Today marks the one week anniversary of the United Nation's U.S.-Russia resolution on Syria's chemical weapons program. A resolution that demanded Syria hand over an exhaustive list of its chemical weapons stockpile within one week. Yet, while the latest from President Assad is that his nation will comply with the resolution, and begin the year long process of dismantling his nation's chemical weapons program; just as I predicted would happen in part 2 of this series (HERE). The fact that President Assad in his recent interview with Fox News last week, in which he announced his nations compliance to the resolution to the American people, he also continued to insist that the chemical weapons attack was not preformed by his forces. Something that if true, raises the question of what happens if another chemical attack occurs within Syria?
Yet, before this question can be answered, the truthfulness of President Assad's claim must be evaluated. To begin with it should be remembered that no report has publicly presented evidence for or concluded that President Assad's forces were behind the attack in August. In fact, all the reports and evidence so far have either been inconclusive, did not lay blame, or indicated that it was indeed the Free Syrian Army who was behind the previous chemical attacks. Moreover, as has been mentioned by those who have opposed U.S. intervention from the beginning, Assad would have no reason to cross the red-line of using chemical weapons and risk the United States getting involved. Rationality that is even more likely, now that President Assad has shown a willingness to comply to the United Nation's resolution. Lastly, President Assad in his recent interview with Fox News indicated that evidence has been submitted to the Russians that indicates that the rockets that contained the Sarin nerve gas and that were the means responsible for the chemical attack that occurred on August 21, 2013, were fired from installations that belong to the Free Syrian Army, not Assad's forces.
So with all indications pointing towards President Assad's claim being true, what will happen if another chemical attack does occur? There appear to be four different possible outcomes. The first and simplest action is for the United States and the rest of the world to do nothing, as had been the case for over two years prior to President Obama's limited strike proposal. Yet, with the U.N. now involved, not to mention that U.S. credibility has now been put at stake, this is an unlikely occurrence.
The next two possibilities are that the Russians or the Americans get directly involved in the conflict. It should be noted here that the Russians are already involved heavily in the conflict, already backing Assad with weapons and diplomatic support. So to suggest that Russia would place their own boots on the ground in this conflict is extremely unlikely. As for the other possibility that America will launch a strike or even a military invasion of Syria, this is more likely. Yet, it would pose some issues for the Obama administration, since their whole reasoning behind wanting to get involved in the conflict in the first place is that Assad used chemical weapons. So to admit that it was actually the Free Syrian Army, would not only cause some embarrassment for Obama, but it would severely undermine both President Obama's and the U.S. intelligence community's credibility. However, despite this the likelihood of a U.S. intervention is still quite high. Since under the guise of ending the atrocity of chemical attacks, especially considering that these weapons are in the hands of Al-Qaeda who makes up a majority of the Free Syrian Army forces, President Obama should be able to intervene with little or no consequences at home politically.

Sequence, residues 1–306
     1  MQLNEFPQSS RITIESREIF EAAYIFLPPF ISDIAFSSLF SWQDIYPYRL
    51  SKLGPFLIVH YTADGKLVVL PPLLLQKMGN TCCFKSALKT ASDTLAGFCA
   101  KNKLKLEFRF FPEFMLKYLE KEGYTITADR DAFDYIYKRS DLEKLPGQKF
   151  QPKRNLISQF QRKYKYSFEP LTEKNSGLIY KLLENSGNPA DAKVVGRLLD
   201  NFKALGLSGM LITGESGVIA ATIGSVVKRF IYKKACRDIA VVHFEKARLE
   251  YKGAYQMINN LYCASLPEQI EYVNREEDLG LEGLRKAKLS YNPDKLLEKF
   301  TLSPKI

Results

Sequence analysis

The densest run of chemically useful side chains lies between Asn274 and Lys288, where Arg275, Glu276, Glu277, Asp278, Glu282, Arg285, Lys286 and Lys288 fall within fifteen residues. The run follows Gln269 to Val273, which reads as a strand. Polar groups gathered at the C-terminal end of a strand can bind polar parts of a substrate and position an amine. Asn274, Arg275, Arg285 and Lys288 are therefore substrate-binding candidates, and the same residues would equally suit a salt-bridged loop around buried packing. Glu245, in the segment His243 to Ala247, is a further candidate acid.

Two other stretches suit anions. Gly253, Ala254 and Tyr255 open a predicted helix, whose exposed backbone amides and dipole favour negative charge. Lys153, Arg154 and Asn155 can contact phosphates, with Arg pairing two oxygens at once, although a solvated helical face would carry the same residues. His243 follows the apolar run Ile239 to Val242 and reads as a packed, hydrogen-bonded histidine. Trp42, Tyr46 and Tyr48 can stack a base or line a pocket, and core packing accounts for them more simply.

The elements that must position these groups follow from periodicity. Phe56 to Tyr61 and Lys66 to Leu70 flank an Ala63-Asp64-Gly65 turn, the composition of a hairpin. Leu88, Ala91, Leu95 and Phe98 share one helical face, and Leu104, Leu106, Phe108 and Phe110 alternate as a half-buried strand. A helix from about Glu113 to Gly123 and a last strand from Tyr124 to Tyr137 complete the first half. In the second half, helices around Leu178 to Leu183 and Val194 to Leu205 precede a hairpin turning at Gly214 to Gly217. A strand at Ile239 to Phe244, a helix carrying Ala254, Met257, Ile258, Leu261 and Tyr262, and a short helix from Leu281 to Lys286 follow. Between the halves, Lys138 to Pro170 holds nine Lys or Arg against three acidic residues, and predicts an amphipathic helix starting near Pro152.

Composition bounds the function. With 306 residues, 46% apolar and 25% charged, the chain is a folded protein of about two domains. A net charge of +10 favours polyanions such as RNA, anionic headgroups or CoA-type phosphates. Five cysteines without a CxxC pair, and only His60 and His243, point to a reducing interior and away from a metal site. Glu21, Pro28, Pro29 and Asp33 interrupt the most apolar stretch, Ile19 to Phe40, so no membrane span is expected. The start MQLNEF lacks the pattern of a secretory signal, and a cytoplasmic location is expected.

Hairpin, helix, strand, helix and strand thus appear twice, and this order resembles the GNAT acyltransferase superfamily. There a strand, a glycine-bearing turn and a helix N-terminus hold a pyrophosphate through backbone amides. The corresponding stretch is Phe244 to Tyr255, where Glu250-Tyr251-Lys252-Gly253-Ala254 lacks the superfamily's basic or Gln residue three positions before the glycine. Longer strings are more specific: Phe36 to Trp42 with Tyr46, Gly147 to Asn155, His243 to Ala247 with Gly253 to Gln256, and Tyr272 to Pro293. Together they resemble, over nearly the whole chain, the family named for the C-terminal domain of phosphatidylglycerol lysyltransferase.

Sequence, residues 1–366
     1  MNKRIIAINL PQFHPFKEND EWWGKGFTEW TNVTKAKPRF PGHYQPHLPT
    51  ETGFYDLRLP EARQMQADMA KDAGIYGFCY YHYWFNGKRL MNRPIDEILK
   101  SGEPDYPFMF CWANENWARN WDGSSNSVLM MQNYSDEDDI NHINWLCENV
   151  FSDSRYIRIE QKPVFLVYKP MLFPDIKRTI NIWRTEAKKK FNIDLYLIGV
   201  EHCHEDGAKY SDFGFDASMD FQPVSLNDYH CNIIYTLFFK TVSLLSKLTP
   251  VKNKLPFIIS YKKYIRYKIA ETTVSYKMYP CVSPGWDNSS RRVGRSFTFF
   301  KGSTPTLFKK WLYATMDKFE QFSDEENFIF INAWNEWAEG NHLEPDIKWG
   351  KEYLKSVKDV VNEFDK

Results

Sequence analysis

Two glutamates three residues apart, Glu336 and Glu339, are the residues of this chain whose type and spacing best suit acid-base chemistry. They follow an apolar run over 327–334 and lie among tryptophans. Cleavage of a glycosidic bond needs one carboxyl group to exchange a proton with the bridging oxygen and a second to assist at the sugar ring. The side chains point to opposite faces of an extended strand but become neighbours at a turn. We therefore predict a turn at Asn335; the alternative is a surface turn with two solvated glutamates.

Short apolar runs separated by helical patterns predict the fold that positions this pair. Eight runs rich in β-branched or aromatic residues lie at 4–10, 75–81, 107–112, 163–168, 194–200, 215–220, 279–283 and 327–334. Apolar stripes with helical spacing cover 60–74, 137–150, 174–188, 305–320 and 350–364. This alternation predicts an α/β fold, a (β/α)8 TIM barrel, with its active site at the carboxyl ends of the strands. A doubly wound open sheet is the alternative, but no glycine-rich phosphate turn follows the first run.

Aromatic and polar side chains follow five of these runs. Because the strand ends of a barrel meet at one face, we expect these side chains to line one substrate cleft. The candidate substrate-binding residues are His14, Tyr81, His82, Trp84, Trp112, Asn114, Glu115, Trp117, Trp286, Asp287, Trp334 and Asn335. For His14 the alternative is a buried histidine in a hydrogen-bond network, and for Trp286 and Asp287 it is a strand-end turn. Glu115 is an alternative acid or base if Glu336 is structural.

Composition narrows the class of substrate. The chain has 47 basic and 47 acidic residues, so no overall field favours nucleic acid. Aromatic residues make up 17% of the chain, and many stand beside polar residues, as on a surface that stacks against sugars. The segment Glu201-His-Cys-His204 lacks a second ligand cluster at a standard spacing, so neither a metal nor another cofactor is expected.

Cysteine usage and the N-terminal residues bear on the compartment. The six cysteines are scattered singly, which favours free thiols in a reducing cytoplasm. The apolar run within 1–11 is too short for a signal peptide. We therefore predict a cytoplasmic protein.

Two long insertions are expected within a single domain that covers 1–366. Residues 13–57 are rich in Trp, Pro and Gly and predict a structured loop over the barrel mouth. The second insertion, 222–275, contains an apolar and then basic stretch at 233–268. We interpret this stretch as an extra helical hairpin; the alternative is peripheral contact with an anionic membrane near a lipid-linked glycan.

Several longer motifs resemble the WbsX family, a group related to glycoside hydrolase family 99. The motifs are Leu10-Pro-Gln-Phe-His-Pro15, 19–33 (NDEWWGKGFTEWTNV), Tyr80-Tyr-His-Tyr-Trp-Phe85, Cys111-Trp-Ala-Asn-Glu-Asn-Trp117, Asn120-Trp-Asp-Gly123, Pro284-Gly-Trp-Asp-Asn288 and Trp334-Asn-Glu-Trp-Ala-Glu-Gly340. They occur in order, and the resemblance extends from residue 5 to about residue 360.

Yet, the most likely outcome is that the U.N. will intervene with their own special forces troops, which are currently stationed and gathering at the Lebanon/Syrian border. This is especially likely when one considers that a mitigating factor for a direct U.S. intervention is that President Obama has continually sought the removal of President Assad in favor of the Free Syrian Army. An impossibility if Obama admits that the Free Syrian Army is made up of Islamic Extremists in order to justify why the U.S. must intervene and take control of all chemical weapons in Syria. Another reason that the U.N. is the most likely to intervene if another chemical weapon attack were to occur, is because it is now the least diplomatically difficult option for the two main players involved, the United States and Russia. Especially considering that it would allow the Russian backed Assad regime to remain in power while weakening his opponents in the Free Syrian Army, much to the pleasure of the Russians. Not to mention, that public opinion around the world would support a United Nation's intervention to seize the chemical weapons and prevent another war crime from occurring. Thus it is clear, that out of all the possible outcomes that might come to pass if another chemical attack does occur inside of Syria, a U.N. intervention is the most likely.
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Feel free to check more by clicking on the link(s) below:
Syria in One Week: Part 1 of 3 - What Does the New Deal Mean for U.S., Russia Relations?
Syria in One Week: Part 2 of 3 - Will Assad Hand Over his Nation's Chemical Weapons?